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Luxury and value can coexist, as Travel + Leisure learns in our ranking of the world’s best hotels.

Who says staying at the world’s best hotels has to cost a fortune? Travel + Leisure has ranked the top 500 hotels on earth, and—surprise!—more than 50 of them cost $250 or
less.

Ranking hotels is no small undertaking. Every year, we ask our readers to vote on the places
they’ve stayed recently (to participate in this year’s survey—and enter for a
chance to win a $10,000 trip—click here). Thousands of readers share their expert opinions
on their favorite—and not so favorite—properties.

What did we discover in 2009? That in a year filled with challenges, our readers still love
hotels that deliver unique experiences and stellar service—particularly if the price is
right.

In fact, the No. 1 hotel in California—the new 200-room London West Hollywood, set in the Hollywood Hills and known for its rooftop
bar scene—is one of those $250-or-less properties. Not surprisingly, the hot rooftop scene is
also a draw across the country at the Peninsula New
York
, ranked No. 3 in New York City.

But the top hotel in America was an unexpected choice: the Inn at Palmetto Bluff, a secluded golf and spa resort in Bluffton,
SC. It’s clear that travelers are looking for an escape
from the daily grind.

Beaches, of course, make for an idyllic getaway, and Waikiki’s Halekulani remains a fan
favorite even after 25 years, taking the No. 1 spot in Hawaii. The
Halekulani wasn’t the only iconic hotel to take top
honors: the Mandarin Oriental Bangkok placed first in the
Thai capital (up from No. 3 in 2008), and Buenos Aires’s
Palacio Duhau-Park Hyatt (with
its 700-label wine cellar and weekly tango lessons) ranked first in South
America
.

Sometimes, however, getting away is all about intimacy, and our readers also love small hotels.
The 32-room Domaine des Hauts de Loire, two hours
from Paris, once again took top honors in
Europe. And Francis Ford Coppola’s Blancaneaux
Lodge
(No. 1 in Central America) stole the show for its
proximity to Mayan ruins.

But what everyone wants to know is: which hotel took top honors as the best in the world? Last
year’s overall winner, Singita Sabi Sand, in
South Africa’s Kruger National Park, didn’t repeat its victory. Its
replacement—also in South Africa—is truly a contender: it was the highest-scoring hotel
in the history of our survey.

So when you’re planning your 2010 getaway and looking for that perfect hotel—the one
that combines luxury, service, and location—this is the list to consult. You may even find
your dream hotel at a great price. Read on for the top 50 winners.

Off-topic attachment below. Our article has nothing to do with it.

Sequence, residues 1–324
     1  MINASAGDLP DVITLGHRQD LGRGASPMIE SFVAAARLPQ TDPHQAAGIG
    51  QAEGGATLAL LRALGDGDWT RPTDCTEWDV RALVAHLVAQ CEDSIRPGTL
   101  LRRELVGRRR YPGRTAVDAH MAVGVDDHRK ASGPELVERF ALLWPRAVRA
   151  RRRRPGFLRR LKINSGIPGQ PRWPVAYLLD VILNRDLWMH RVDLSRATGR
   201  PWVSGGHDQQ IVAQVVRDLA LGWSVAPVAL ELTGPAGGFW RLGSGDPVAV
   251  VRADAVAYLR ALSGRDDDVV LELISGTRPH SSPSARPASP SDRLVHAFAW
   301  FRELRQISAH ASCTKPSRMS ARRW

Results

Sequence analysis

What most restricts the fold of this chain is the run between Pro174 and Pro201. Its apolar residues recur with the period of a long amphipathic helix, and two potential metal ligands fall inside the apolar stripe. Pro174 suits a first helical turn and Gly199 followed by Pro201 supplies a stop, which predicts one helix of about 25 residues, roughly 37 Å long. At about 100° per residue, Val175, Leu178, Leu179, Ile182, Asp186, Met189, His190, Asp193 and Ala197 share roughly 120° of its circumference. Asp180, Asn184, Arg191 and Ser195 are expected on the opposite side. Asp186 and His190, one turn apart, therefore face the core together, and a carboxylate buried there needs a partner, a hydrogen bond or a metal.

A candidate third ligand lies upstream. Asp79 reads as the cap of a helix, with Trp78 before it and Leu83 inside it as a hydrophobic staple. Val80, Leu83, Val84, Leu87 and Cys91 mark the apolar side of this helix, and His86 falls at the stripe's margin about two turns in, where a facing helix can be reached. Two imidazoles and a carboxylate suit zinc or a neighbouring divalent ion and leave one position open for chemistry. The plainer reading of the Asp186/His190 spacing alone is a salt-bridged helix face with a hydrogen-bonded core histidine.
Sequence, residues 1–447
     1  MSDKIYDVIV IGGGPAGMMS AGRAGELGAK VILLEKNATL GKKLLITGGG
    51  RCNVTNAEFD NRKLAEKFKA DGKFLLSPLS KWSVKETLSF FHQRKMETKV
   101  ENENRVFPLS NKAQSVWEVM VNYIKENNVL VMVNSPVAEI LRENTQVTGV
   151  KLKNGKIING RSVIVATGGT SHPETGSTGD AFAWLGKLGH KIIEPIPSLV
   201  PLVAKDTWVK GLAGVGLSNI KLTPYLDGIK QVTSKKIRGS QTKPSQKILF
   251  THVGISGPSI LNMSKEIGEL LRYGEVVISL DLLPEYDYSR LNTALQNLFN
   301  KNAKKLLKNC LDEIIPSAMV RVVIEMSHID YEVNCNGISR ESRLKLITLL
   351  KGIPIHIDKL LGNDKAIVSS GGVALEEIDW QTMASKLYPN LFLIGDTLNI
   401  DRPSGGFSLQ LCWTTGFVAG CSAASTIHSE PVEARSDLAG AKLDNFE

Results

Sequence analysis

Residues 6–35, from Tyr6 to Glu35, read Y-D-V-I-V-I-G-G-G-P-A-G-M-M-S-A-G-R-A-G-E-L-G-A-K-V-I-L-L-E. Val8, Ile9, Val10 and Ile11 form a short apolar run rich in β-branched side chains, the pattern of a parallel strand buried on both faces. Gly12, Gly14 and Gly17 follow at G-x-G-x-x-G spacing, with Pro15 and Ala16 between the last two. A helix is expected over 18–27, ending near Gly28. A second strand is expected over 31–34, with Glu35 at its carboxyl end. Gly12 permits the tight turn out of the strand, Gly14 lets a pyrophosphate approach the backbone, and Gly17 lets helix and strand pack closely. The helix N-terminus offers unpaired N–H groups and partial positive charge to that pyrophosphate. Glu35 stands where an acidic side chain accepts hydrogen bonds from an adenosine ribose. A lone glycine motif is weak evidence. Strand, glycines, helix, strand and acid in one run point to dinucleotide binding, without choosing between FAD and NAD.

World's Top 50 Hotels

Luxury and value can coexist, as Travel + Leisure learns in our ranking of the world’s best hotels.

Who says staying at the world’s best hotels has to cost a fortune? Travel + Leisure has ranked the top 500 hotels on earth, and—surprise!—more than 50 of them cost $250 or
less.

Ranking hotels is no small undertaking. Every year, we ask our readers to vote on the places
they’ve stayed recently (to participate in this year’s survey—and enter for a
chance to win a $10,000 trip—click here). Thousands of readers share their expert opinions
on their favorite—and not so favorite—properties.

What did we discover in 2009? That in a year filled with challenges, our readers still love
hotels that deliver unique experiences and stellar service—particularly if the price is
right.

In fact, the No. 1 hotel in California—the new 200-room London West Hollywood, set in the Hollywood Hills and known for its rooftop
bar scene—is one of those $250-or-less properties. Not surprisingly, the hot rooftop scene is
also a draw across the country at the Peninsula New
York
, ranked No. 3 in New York City.

But the top hotel in America was an unexpected choice: the Inn at Palmetto Bluff, a secluded golf and spa resort in Bluffton,
SC. It’s clear that travelers are looking for an escape
from the daily grind.

Beaches, of course, make for an idyllic getaway, and Waikiki’s Halekulani remains a fan
favorite even after 25 years, taking the No. 1 spot in Hawaii. The
Halekulani wasn’t the only iconic hotel to take top
honors: the Mandarin Oriental Bangkok placed first in the
Thai capital (up from No. 3 in 2008), and Buenos Aires’s
Palacio Duhau-Park Hyatt (with
its 700-label wine cellar and weekly tango lessons) ranked first in South
America
.

Sometimes, however, getting away is all about intimacy, and our readers also love small hotels.
The 32-room Domaine des Hauts de Loire, two hours
from Paris, once again took top honors in
Europe. And Francis Ford Coppola’s Blancaneaux
Lodge
(No. 1 in Central America) stole the show for its
proximity to Mayan ruins.

But what everyone wants to know is: which hotel took top honors as the best in the world? Last
year’s overall winner, Singita Sabi Sand, in
South Africa’s Kruger National Park, didn’t repeat its victory. Its
replacement—also in South Africa—is truly a contender: it was the highest-scoring hotel
in the history of our survey.

So when you’re planning your 2010 getaway and looking for that perfect hotel—the one
that combines luxury, service, and location—this is the list to consult. You may even find
your dream hotel at a great price. Read on for the top 50 winners.

Courtesy of Jack's Camp

World's Top 50 Hotels

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